Though California has frequently had such trios (or in some cases, quads) over the years, it hasn't occurred for the Golden State since 1994. That year, the Buccaneers took Fresno State quarterback Trent Dilfer (sixth) after San Diego State running back Marshall Faulk went second and USC linebacker Willie McGinest went fourth. UCLA linebacker Jamir Miller made it a foursome by going 10th to Arizona.

Pounds and Pounds of LBs. Last April, the NFL went offensive-tackle crazy in the first round, beginning with top overall pick Jake Long of Michigan. After the Miami Dolphins kicked off the draft thusly, Ryan Clady (to Denver), Chris Williams (to Chicago), Branden Albert (to Kansas City), Gosder Cherilus (to Detroit) and Jeff Otah (to Carolina) all went between picks 12 and 19. With several teams aggressively trading up to get into the tackle run, Sam Baker went to Atlanta at 21 and Duane Brown went to Houston at 26 to make it a total of eight players at the position in Round One.

This year, the tackle position is once again loaded with players considered potential first-round picks. Baylor's Smith, Virginia's Eugene Monroe and Alabama's Andre Smith are all considered potential top-10 picks and Mississippi's Michael Oher, Arizona's Eben Britton and Connecticut's William Beatty might all find their way into the first round, too.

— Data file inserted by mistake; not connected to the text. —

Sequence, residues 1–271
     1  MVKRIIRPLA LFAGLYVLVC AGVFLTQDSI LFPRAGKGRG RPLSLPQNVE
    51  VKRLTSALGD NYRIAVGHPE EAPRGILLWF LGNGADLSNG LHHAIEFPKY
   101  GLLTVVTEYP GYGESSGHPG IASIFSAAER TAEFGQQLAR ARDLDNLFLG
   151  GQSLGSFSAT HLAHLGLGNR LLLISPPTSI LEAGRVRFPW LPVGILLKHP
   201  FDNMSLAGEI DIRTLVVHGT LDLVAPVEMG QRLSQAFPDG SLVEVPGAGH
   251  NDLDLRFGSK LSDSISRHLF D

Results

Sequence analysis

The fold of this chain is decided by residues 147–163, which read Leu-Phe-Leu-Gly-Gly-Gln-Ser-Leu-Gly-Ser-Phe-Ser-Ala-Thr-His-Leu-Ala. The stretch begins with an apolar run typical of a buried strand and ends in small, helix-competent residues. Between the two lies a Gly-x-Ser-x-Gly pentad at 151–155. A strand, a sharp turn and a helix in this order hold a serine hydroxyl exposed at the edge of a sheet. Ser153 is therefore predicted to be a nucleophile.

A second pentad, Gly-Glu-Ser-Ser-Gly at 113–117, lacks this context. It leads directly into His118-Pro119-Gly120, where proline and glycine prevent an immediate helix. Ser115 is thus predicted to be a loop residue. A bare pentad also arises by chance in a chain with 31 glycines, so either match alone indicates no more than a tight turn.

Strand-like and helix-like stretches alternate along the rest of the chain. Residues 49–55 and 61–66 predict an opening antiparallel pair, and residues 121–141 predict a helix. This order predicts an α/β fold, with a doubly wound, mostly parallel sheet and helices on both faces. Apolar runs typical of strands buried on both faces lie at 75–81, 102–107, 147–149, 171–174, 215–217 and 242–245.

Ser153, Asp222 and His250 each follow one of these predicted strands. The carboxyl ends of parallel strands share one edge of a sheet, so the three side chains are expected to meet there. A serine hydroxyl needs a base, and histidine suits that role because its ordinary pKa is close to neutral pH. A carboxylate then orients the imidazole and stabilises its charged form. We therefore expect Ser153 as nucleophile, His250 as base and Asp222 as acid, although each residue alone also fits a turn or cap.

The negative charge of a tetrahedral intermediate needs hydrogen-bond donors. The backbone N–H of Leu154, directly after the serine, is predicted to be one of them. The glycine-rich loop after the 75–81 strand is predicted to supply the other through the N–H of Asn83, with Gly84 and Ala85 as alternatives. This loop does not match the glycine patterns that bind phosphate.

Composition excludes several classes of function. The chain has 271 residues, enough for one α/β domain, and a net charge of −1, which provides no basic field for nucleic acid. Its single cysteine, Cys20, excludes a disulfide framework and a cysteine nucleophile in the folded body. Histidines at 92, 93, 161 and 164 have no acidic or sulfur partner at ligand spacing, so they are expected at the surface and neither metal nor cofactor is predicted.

Still, it doesn't look likely that the tackle position will match its record of eight first-rounders from 2008. The positions most likely to match their own first-round records are linebacker and defensive end, and it may depend on how a handful of hybrid-type players are defined.

At end, Texas' Orakpo, Penn State's Aaron Maybin, LSU's Tyson Jackson, Tennessee's Robert Ayers, Florida State's Everette Brown and Northern Illinois' Larry English are all showing up in the first rounds of multiple expert mock drafts. Cincinnati's Connor Barwin and Georgia Tech's Michael Johnson have made a few first-round mock appearances as well. The most defensive ends ever drafted in the first round was six, in 1992.

However, given the type of defense into which the players are drafted, Orakpo, Maybin, Brown and English may all be officially thought of as linebackers. If that happens, the linebacker position as a whole may shatter its own mark of seven, which was set in 1990. The Buccaneers began that run with Alabama's Keith McCants (himself a DE/LB tweener) and it continued with Junior Seau, Chris Singleton, James Francis, Percy Snow, Lamar Lathon and Tony Bennett.

Even without the LB/DE types, this year's class might approach that mark. The three USC 'backers would get the class halfway there, and Curry is a lock to go in Round One. Add in Ohio State's James Laurinaitis, Utah's Paul Kruger and Virginia's Clint Sintim as possible first-rounders, and it could be a linebacker bonanza.